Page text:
April issue 2004

By | Opinion | Speaker's Corner | Published 20 years ago

omar-kureshi-apr04“Catch the magic,” said the young lady who briefed me on what she wanted me to write. Magic is an illusion and not a mood. But I had a pretty good idea of what she meant. No one expected cricket matches between India and Pakistan to turn into carnivals, no one expected that such inveterate foes would put aside their deeply ingrained hostility and party together, all sorrows forgotten, the moment to be celebrated.

Will the euphoria last? Or will it evaporate at the first touch of reality? There have been other false dawns but they have not involved ordinary people and I see cricket fans as ordinary people with no agenda other than a longing to see more and more cricket matches between the two countries. That cricket ties will facilitate a peace process is, perhaps, too unrealistic, but it allows us to communicate with each other at a pedestrian level without hurling angry slogans at one another.

The cricket fans of both countries have served notice on their leaders that cricket is too serious a business to be left to their ambitions or made hostage. The decision to snap cricket ties was taken by the Indian government in a post 9/11 environment and accusations of terrorism would be heard by sympathetic but untutored ears. But this is not a political article and I do not want to spoil this friendship moment; I want to share in the good time that is being had by all.

Still, it is important that we do not build our hopes too high. Sports can be a stepping-stone but it is not a bridge. Every four years, we have the Olympic Games and these games have lofty goals. But they have not stopped wars. There will be the Olympic Games in Athens in a few weeks time but my guess is that the war in Iraq will still be raging, the Israelis will still be killing Palestinians and the neo-conservatives in Washington will be plotting the next target in their grand design , it could be Iran or Syria or North Korea. Millions had marched in anti-war protests in London but this did not deter Tony Blair. So if, thousands of Indian visitors come across to watch the cricket series and are received with open arms, all we are doing is lighting candles, but the light they give is not enough for the darkness. Peace needs trust. It means unlearning what generation after generation have been taught in their history books. This will take time and the process will have to proceed uninterrupted.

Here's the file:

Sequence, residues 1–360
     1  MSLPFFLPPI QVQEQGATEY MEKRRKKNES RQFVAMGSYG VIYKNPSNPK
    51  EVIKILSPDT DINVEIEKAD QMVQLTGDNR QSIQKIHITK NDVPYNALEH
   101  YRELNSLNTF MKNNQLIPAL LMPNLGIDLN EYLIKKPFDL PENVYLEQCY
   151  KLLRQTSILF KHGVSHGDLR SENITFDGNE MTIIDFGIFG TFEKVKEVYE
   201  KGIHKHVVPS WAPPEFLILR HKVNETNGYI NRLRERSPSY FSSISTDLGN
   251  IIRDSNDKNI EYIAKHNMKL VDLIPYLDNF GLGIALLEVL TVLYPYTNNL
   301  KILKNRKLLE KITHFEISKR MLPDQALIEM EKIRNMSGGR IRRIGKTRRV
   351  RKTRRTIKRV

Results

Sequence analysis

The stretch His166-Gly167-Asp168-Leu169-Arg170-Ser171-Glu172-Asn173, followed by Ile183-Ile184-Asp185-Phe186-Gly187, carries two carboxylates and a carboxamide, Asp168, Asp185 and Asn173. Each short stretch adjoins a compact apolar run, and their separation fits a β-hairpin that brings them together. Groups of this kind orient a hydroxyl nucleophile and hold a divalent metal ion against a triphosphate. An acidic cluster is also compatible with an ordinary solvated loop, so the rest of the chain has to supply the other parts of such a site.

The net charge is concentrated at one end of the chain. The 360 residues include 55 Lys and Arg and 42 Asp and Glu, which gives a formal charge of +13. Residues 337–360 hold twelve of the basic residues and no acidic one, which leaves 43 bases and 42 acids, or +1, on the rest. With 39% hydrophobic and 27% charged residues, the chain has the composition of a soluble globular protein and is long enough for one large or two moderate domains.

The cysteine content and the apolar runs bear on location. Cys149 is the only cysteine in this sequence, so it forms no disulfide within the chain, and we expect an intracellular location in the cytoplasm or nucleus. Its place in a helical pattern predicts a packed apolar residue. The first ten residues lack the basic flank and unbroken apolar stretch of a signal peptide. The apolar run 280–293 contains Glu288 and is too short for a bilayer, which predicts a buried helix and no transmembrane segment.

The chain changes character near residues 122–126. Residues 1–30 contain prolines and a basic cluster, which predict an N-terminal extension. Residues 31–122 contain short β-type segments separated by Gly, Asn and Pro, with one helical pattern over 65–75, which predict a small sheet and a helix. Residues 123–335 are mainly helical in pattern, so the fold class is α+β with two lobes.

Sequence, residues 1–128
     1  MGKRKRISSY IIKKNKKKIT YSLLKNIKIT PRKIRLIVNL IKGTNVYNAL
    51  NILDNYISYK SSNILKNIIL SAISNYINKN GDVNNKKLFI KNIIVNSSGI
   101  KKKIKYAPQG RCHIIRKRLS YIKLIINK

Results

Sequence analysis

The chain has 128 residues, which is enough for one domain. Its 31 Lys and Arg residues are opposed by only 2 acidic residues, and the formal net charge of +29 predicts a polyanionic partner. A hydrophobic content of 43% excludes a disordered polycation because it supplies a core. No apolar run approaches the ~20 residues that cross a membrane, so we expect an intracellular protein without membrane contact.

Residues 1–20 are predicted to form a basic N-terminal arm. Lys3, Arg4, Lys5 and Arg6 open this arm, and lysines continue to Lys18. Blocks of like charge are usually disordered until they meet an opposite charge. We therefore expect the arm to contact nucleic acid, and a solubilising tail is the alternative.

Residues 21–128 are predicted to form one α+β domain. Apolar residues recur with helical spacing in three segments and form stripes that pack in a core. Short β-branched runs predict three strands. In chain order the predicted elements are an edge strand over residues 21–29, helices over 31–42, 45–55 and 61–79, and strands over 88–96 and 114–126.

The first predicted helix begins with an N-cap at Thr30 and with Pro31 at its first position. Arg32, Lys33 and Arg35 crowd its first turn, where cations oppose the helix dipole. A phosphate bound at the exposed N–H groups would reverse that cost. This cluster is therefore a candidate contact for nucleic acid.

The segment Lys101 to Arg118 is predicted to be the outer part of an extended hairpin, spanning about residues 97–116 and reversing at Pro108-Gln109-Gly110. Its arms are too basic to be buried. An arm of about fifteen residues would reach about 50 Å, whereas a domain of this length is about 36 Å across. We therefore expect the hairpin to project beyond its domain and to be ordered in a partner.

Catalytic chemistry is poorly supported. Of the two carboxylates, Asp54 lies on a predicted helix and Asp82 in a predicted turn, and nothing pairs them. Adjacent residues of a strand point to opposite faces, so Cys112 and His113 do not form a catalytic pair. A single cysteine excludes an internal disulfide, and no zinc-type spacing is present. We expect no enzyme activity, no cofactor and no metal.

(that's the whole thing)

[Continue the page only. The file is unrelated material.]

What the cricket tour has achieved is that it has allowed the Indian visitors to see a little bit of Pakistan for themselves and it must have opened their eyes. Pakistan is not at all like it has been portrayed to them. There is no militancy, no gut-animosity and the Indian visitor will have seen a similarity of outlook in the simpler desire of getting on with their lives and how much they have in common, including venal politicians and the great divide between the rich and the poor.

I had a friend called Ed Stegman when I was studying at the University of Southern California. He was a World War-II veteran. He was in the US Air Force and he would tell me that it was his job to drop bombs on people he did not know. “I did not hate those people but I hated my rear-gunner, ” he would say, making the point that he was being asked to kill the wrong enemy! The enemy of both India and Pakistan is poverty.

Millions of Indians will be watching the matches on television and they too would be able to see how festive is the mood of the spectators and the messages of the placards that some of them display and the sight of Pakistan and Indian flags being waved joyously by respective supporters. How different and how much more hopeful than angry, fired-up mobs burning these flags at another time and at another place. This indeed is magic, but one hopes not an illusion.